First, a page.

Human bingo Icebreaker: Create a bingo sheet with equal sized squares in 5 rows and 5 columns (you can easily create this in Word using the table function, or if you contact me, I am happy to send you the template I designed). I usually have the middle square as a ‘wild card’. Note various attributes in the remaining squares, either by ‘guess-estimating’ things that might be true of some or many of your participants (speaks 2 or more languages, enjoys outdoor activities, has lived in a country other than Canada) or that you have determined in advance through some sort of survey (such as the Intro Survey described above) or needs assessment. Leave space in each square for them to print in one or two names.
Give each person a bingo sheet and explain how bingo works (that you win when you have a completed line, either horizontal, vertical or diagonal). Ask them to meet others in the class and print in one name (or two, if you make more time for this activity) of people who have that attribute. As soon as someone has a line, ask him or her to call out Bingo. You may want to give a small prize, and/or ask them to introduce the students that make up the winning line (or have them form a line so that others in the class get to know everyone.). You can do this as part of a class, or over several classes (for example, inviting them to get started on their bingo sheets as soon as they get to class; if you do this, you might want to have another small prize for the person who completes their full bingo sheet first. I had success with this over first three classes, asking students to get started on their Bingo as soon as they get to class.)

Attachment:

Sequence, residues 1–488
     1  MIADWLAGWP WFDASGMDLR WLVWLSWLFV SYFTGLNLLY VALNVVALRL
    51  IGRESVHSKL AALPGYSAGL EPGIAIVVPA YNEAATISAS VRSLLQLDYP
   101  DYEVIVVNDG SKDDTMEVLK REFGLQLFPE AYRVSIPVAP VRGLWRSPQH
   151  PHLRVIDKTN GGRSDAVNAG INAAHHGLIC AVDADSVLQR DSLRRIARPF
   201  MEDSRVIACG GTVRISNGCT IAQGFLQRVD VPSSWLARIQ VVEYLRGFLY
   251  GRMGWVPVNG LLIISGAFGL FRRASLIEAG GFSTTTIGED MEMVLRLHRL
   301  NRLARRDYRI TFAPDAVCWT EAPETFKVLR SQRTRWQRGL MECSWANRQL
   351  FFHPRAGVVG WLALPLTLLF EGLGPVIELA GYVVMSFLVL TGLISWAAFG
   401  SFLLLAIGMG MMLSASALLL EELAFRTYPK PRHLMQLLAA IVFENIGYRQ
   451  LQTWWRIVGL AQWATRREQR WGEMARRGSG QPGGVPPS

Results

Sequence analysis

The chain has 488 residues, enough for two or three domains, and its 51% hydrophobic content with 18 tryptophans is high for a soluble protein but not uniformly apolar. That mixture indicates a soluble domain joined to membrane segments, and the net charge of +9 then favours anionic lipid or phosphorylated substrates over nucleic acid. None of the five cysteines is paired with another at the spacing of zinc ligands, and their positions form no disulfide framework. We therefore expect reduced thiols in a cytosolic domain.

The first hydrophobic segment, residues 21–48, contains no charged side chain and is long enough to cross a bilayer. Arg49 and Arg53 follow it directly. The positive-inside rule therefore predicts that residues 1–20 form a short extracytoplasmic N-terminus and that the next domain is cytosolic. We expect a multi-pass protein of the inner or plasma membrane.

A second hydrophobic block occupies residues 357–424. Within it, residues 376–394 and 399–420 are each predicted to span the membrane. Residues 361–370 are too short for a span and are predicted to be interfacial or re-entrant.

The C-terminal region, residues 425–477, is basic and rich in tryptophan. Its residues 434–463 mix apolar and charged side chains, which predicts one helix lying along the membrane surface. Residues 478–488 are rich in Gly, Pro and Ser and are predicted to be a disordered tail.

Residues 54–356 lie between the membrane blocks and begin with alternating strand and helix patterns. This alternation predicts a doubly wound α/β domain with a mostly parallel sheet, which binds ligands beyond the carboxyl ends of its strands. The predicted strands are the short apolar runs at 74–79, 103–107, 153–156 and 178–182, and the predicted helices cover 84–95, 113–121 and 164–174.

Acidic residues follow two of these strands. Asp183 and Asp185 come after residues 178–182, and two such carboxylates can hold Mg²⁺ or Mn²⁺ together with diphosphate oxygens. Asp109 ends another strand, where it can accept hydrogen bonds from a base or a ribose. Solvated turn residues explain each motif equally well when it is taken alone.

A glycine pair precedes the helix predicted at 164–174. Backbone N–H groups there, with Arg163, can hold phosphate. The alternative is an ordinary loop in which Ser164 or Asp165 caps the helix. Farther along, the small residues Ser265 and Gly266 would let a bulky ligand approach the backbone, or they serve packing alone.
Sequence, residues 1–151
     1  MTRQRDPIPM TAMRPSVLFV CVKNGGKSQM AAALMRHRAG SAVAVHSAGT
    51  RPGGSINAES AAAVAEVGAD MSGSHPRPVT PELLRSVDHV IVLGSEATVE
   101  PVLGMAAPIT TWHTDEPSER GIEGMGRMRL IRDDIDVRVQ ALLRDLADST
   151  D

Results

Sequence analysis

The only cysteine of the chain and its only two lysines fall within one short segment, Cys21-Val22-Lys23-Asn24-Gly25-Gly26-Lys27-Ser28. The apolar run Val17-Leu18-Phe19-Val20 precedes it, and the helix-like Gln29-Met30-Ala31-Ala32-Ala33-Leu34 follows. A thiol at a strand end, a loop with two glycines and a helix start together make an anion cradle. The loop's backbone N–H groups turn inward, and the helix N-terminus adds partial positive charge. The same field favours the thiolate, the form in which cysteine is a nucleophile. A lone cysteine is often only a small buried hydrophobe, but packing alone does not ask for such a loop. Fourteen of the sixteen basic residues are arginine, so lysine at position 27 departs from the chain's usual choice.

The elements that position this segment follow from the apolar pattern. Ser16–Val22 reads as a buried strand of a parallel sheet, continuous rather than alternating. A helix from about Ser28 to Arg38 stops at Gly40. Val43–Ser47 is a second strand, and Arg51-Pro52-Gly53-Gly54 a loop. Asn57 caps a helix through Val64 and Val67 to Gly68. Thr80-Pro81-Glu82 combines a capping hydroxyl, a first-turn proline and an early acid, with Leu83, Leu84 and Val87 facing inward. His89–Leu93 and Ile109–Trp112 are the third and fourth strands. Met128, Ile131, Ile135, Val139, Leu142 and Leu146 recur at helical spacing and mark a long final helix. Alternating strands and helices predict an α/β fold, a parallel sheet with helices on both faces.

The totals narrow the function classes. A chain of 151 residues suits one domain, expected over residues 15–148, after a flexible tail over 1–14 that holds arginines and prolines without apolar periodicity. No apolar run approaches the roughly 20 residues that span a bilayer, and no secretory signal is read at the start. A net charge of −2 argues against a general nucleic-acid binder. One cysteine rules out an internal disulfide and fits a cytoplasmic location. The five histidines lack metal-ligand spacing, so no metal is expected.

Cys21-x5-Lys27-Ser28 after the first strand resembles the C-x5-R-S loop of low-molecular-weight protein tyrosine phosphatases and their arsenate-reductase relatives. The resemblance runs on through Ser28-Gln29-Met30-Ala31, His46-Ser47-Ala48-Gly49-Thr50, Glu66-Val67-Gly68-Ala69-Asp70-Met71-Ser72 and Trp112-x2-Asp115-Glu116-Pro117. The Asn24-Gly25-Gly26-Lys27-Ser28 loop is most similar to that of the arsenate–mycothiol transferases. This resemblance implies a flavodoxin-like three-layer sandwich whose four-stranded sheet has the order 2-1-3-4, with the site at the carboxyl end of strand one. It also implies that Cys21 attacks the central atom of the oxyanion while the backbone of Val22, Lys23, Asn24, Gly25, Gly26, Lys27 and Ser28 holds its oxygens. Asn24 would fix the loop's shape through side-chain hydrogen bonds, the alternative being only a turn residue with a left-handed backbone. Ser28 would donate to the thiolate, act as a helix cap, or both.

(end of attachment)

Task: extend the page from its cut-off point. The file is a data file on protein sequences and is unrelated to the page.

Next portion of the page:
See the related Intro Survey link for that document too.
I have also designed bingo sheets that relate to a particular class, where people need to fill in definitions, or a question they have, or how they would research it, etc.. It works very well to keep learners actively focused on the material. If your lesson has 5 key points in it, you might want to have a square for each of the points, including only the first letter of the point. As you introduce each point, say, in the example from my course, B = biodiversity; L = life cycles, etc. and have students fill in the full word.